"Shakespeare is my big inspiration and groundlings were very much part of the show in his day. This is an old school way of listening and sharing, with the audience very much part of it and they have a clear role.
"We hope it will inspire and engage the audience - it will be a fun evening but anyone who comes along should wear appropriate clothing!"

The Hunters Grimm begins at Deptford Lounge and ends at The Albany. It runs from Wednesday, October 22, until Saturday, November 8.
Tickets cost £12 or £10 concessions. Visit or call the box office on 020 8692 4446.

Electra at the Old Vic, review

Four stars

THERE'S an old saying "you can choose your friends but not your family". I suspect that if she could have Electra would not have picked Clytemnestra to be her mother.
Sophocles’s story tells of Electra, a woman whose father Agamemnon has died at the hands of his wife and her lover.
Agamemnon's beloved daughter has been in mourning ever since. But it's more than just grief. This is a woman who has gone past grief and is now full of hatred, bile and out for revenge.
She doesn't want to just punish her mother with words, she is determined Clytemnestra be punished by death.
A new version of this Greek tragedy is now on at the Old Vic starring Kristin Scott Thomas in the title role.
Her portrayal of this tragic woman is brilliant. She is like a petulant teenager holding on stubbornly to the view that her mother and her mother's new lover have no adequate excuse for killing her father.
It is an obsession in which she is being eaten up by rage and a desire for revenge and as the story unfolds, her anger builds.
Electra paces the stage in front of the palace at Mycenae grabbing at her dirty smock dress, bare foot, unwashed hair, wild sunken eyes and looking dirty and unkempt and raging at the injustice of what's happened.
She is almost oblivious to the women around her, including her sister and to a certain extent Clytemnestra, who are full of concern for her and her mental state.
When her brother Orestes returns home from exile Electra's fury finally explodes and the end is bloody, merciless and horrifying.
Played in the round, it is the most astonishing and powerful performance that totally draws the audience in.
The supporting cast is also excellent in particular, Diana Quick as Clytemnestra who clearly struggles with the reality of what she has done and her love for her daughter and Liz White as Electra's younger sister, Chrysothemis, who is caught between her love for both women.

Electra is on at the Old Vic, The Cut, Waterloo until December 20. Tickets from £10. Visit or call the box office on 0844 871 7628.

Sweeney Todd at Harrington's Pie shop in Tooting

A PIE and mash shop might not be the most obvious place to stage a famous musical but for one young theatre producer it was her first choice.
From Tuesday Harrington's Pie and Mash Shop in Selkirk Road Tooting will be taken over by the Tooting Arts Club who will be using it to put on a production of Sweeney Todd.
For its producer Rachel Edwards it was a long held dream to do Sondheim's famous piece at this particular venue.
"It's an inspired choice," she laughs as we chat about the show. "The Tooting Arts Club (TAC) was established four years ago as a site specific theatre company.
"We are based in Tooting but don't have a permanent home. Instead we are always looking for local buildings, spaces or venues to host our shows taking inspiration from the area.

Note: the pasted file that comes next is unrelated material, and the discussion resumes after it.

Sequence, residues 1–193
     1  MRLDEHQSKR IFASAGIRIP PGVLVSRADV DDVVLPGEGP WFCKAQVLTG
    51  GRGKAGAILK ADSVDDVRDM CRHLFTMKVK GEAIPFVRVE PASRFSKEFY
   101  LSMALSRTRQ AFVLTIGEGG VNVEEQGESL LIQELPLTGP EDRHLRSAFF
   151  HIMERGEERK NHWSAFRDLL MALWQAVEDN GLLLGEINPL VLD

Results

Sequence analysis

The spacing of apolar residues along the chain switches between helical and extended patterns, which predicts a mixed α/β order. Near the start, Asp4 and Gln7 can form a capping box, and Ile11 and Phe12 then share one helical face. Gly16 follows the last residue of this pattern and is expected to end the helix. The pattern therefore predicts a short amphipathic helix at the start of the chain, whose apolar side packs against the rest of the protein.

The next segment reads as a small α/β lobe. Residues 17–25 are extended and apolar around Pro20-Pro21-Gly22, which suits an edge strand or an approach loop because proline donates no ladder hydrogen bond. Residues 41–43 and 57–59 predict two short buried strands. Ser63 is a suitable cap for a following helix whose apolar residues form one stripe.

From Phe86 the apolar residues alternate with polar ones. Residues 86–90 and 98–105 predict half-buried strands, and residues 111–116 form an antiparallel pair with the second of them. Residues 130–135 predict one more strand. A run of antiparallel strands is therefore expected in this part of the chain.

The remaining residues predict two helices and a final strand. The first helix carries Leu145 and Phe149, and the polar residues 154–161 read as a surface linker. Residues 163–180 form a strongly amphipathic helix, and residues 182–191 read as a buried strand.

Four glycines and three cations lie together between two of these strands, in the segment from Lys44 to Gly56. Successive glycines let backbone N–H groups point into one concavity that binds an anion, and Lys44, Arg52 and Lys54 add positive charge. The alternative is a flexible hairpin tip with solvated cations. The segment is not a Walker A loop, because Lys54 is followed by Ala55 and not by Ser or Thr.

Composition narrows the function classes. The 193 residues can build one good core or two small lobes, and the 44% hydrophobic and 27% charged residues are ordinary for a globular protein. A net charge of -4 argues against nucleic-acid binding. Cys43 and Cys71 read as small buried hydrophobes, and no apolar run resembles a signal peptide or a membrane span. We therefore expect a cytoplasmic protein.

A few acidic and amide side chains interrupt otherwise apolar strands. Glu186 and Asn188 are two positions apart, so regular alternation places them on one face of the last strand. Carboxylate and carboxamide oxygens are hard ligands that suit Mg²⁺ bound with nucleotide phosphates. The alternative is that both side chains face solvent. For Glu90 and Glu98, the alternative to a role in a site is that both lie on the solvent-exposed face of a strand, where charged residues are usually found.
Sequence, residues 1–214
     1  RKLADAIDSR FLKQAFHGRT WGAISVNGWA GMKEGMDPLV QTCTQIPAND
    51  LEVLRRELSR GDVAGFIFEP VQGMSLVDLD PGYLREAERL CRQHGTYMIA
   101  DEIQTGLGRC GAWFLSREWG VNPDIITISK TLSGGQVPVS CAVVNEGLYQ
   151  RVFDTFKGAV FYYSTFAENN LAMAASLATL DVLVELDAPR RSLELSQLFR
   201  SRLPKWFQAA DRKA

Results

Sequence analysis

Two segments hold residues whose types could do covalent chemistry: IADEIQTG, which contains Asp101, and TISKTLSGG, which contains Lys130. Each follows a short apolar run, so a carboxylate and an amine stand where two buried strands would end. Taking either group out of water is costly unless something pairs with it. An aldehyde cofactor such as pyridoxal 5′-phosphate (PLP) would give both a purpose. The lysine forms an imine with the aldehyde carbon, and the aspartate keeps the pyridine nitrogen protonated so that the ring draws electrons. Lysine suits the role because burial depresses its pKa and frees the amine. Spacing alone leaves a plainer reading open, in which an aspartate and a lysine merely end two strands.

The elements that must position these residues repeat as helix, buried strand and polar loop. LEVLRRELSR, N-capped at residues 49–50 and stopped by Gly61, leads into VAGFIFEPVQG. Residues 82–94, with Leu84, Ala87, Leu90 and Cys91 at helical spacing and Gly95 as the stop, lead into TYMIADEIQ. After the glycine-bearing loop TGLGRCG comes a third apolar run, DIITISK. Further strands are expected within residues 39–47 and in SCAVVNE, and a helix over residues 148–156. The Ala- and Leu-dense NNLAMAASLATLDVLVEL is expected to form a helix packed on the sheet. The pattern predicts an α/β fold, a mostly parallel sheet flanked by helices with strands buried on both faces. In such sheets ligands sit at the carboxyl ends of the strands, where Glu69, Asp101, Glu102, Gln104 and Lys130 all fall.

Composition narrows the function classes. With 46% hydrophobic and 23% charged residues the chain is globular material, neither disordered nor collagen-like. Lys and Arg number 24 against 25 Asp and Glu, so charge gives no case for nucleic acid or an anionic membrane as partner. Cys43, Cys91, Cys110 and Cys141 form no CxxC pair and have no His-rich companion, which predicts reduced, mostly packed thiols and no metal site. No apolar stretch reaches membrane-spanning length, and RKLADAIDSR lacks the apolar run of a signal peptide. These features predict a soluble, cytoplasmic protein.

"I have always got an eye out for potential venues but we want them to have a synergy with the pieces we choose to perform.
"I'm always thinking about potential projects and seeing if there are venues suitable but with this it was the other way around.
"I walk past Harrington's a lot and love it. It's been at the heart of the community here for 108 years and as it's steeped in history and character I thought it would be amazing to do Sweeney Todd in there."
However, she admits it took her a while to summon the courage to go in and ask the owners if she could use their shop for the show.
"I'd had the idea for about two years and for a long time was nervous about asking them because I thought if they said no I would be disappointed but if they said yes it would be a ridiculously ambitious project to take on!" she laughs.
Fortunately they said yes and now she is in the final stages of rehearsing the show which she admits has been "quite a task" to undertake.
"They were really open to the idea which was brilliant," she says. "In fact it didn't take much explaining and they were really up for it although it is a pretty random thing to ask them to do a full scale production in their shop - but they weren't fazed about it at all and instead were very interested right from the beginning in our company and also what we wanted to do.
"So I'm incredibly grateful to them because this was a long held dream of mine and I do think it's the perfect place to tell this amazing story - though now that it's actually happening it's quite scary!"
When they arrive, audiences will first congregate at Anton’s barber shop nearby before being shown through to Harrington’s, where the décor has not changed much since it was opened in 1908 and which will be transformed into Mrs Lovett’s infamous establishment.
Set in 19th century the musical tells the story of Benjamin Barker, alias Sweeney Todd, who returns to London after 15 years as a convict from Australia seeking revenge on those who separated him from his wife and child.
He meets Mrs Lovett who owns a failing pie shop. He sets up his barber shop above her shop and prompted by Mrs Lovett his revenge leads to murder with the victims becoming ingredients for her pies.
Despite Harrington's being her perfect venue, staging the show hasn't been without its challenges.
"It's a very small space and the capacity is therefore tiny," says Rachel. "It's actually not much bigger than my kitchen and seats just 32 people so it will be quite an intimate production especially as we have three musicians as well as the eight actors to fit in.
"People will be seated in the booths, on the old fashioned benches with the action taking place on the staircase, behind the counter and in front of the tables.